I love to see the process happen from fabric on the bolt through to the finished product. I love the fact that I can produce a version of what someone else has designed and still make it original. I especially love the admiring comments from others and the happy exclamations of “You made that? Wow!” and “My mum made this for me.”
Bottom line, sewing makes my heart sing.7 years agojanimal @janimal
Why sew? Great question.
My grandmother was a single mother in England in the 30s who supported her family as a seamstress. I recall visiting her tiny attached home in Manchester, and seeing her sewing machine proudly displayed in the front window, announcing to the world her profession.
My mother was also a single mother, and $$ was tight. I wore my school uniform or hand me downs from my brother, most of the time. But I had a few very special girly garments that my mother hand sewed for me from fabric she salvaged from who knows where. There was a dress, red with tiny white flowers and a lace trim, and she had made a matching tiny little bag for my treasures. And skirt, drawstring waist, perfect to twirl in, cream with tiny blue flowers and blue lace trim. In my memories I was must have been about 4 years old, dancing around the living room in my special girly clothes.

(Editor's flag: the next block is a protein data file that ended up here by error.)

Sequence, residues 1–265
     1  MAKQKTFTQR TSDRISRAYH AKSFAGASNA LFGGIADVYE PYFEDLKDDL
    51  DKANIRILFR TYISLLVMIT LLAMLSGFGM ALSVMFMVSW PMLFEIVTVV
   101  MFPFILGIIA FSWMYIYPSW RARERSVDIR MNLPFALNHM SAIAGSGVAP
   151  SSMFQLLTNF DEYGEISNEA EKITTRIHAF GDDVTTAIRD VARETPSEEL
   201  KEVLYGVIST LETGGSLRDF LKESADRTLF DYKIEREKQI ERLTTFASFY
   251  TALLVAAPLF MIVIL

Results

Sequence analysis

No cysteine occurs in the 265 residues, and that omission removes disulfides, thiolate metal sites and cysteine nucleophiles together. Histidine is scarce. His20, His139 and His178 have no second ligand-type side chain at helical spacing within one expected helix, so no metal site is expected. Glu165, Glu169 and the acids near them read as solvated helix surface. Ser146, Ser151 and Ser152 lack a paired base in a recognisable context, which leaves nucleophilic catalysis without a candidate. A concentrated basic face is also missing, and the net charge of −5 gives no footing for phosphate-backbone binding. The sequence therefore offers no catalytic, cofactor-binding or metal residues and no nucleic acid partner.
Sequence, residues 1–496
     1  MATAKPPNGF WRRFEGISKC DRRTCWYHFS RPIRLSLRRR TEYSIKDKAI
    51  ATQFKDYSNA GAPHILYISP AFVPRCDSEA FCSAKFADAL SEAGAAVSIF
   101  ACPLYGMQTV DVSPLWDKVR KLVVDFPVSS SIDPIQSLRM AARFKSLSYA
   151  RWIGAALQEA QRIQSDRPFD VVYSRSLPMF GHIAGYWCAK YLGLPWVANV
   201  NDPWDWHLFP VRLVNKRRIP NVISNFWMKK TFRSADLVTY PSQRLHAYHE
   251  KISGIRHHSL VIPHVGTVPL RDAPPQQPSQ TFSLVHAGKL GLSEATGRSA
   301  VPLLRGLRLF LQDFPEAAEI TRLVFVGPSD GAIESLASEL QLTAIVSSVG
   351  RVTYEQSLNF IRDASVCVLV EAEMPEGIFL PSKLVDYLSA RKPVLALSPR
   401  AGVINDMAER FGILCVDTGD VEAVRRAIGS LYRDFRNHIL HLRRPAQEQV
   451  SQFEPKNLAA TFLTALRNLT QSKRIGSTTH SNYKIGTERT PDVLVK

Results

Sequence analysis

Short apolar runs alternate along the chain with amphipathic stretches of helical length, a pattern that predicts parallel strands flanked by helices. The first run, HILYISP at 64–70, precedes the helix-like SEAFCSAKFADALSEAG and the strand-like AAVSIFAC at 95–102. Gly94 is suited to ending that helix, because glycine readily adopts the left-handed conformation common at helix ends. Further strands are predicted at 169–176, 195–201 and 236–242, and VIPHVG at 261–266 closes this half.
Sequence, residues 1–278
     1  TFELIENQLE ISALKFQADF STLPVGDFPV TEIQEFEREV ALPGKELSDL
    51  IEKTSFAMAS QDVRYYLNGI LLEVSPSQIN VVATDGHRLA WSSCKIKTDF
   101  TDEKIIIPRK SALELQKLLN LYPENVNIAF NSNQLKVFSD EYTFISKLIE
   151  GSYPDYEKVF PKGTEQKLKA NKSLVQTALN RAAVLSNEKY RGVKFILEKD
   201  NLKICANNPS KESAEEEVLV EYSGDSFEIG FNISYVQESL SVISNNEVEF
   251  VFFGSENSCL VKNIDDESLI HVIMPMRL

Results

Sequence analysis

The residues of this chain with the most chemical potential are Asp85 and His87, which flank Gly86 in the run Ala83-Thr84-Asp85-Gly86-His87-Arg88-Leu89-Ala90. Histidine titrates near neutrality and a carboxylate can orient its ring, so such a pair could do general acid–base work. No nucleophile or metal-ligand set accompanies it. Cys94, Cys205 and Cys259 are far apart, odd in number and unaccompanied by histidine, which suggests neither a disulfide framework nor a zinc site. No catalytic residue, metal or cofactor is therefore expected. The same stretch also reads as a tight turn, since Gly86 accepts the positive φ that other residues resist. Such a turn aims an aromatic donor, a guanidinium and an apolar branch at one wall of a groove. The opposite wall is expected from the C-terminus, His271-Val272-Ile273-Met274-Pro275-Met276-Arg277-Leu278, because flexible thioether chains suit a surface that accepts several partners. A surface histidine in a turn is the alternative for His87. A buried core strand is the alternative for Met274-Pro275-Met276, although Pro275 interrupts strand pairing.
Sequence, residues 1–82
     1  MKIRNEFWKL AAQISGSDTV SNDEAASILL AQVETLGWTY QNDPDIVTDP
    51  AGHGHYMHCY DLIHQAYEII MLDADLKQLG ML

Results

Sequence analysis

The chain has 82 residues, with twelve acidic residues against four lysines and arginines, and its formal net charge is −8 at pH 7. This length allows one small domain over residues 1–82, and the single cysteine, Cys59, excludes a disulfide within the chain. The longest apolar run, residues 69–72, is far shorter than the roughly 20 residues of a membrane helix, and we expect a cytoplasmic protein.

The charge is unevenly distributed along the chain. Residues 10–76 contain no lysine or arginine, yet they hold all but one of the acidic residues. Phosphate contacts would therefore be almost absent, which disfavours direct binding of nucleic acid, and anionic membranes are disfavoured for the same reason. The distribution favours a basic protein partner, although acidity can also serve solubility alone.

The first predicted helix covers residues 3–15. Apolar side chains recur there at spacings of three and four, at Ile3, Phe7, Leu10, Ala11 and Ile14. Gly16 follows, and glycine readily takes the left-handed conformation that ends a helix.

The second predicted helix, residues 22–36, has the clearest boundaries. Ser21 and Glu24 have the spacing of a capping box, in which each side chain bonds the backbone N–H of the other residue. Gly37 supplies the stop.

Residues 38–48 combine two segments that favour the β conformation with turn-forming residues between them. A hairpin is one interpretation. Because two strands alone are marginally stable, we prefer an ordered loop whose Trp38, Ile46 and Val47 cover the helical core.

Having a daughter of my own really inspired me to get back into sewing. My Mother and Grandmother are long gone, but I enjoy some connection to them by sewing pretty things for my daughter, as they did before me. I hope Delilah remembers the pretty things I make her with the same fondness I had for the items my Mom made me.
I don’t save any money sewing — another expensive fabric habit here! But nor do I think I could buy similar quality clothing cheaply. I hope that some of the garments I sew would be able to last for another generation. I sure do wish I still had that red dress for my daughter!
And one other thing, the creative process itself I find quite soothing and relaxing. These days just walking into my sewing room can just make me feel a little more relaxed. It’s my favorite stress relief.7 years agomeleliza @meleliza
Well, for one, I like it. It gives me satisfaction to create things for myself and children. It’s therapeutic and rewarding and counteracts the stress of the massively consumer culture we live in. I feel better on days when I get sewing done.
For another, I’m a major type A only child perfectionist control freak. I like everything just the way I like it and am therefore seduced by the allure of DIY. If I do it myself, it will be perfect and perfectly the way I like it. Please don’t point out the flaws in that logic. 🙂
Finally, I completely disagree that you could get something similar for $20. You could buy something with which to cover your nakedness for less than $20, but if that’s all you cared about, you wouldn’t be here where quality reigns. If you think sewing is an expensive hobby, well, you clearly haven’t met knitting! 🙂7 years agoTriMama @TriMama
I need a creative, hands-on outlet. I’m a technical writer by day and get frustrated that my desk looks exactly the same at the end of the day as it does when I arrive in the morning. Since all my work is done on the computer, even when I work my tail off, I have nothing tangible to show for it.
I like that when I sew, I have something tangible when I’m done. I can touch it, wear it or see it on my kids. I also love when someone says, “Wow! You make that?”, although I never volunteer that I made it.
Plus, sewing is much, much cheaper than triathlon, which is my other vice.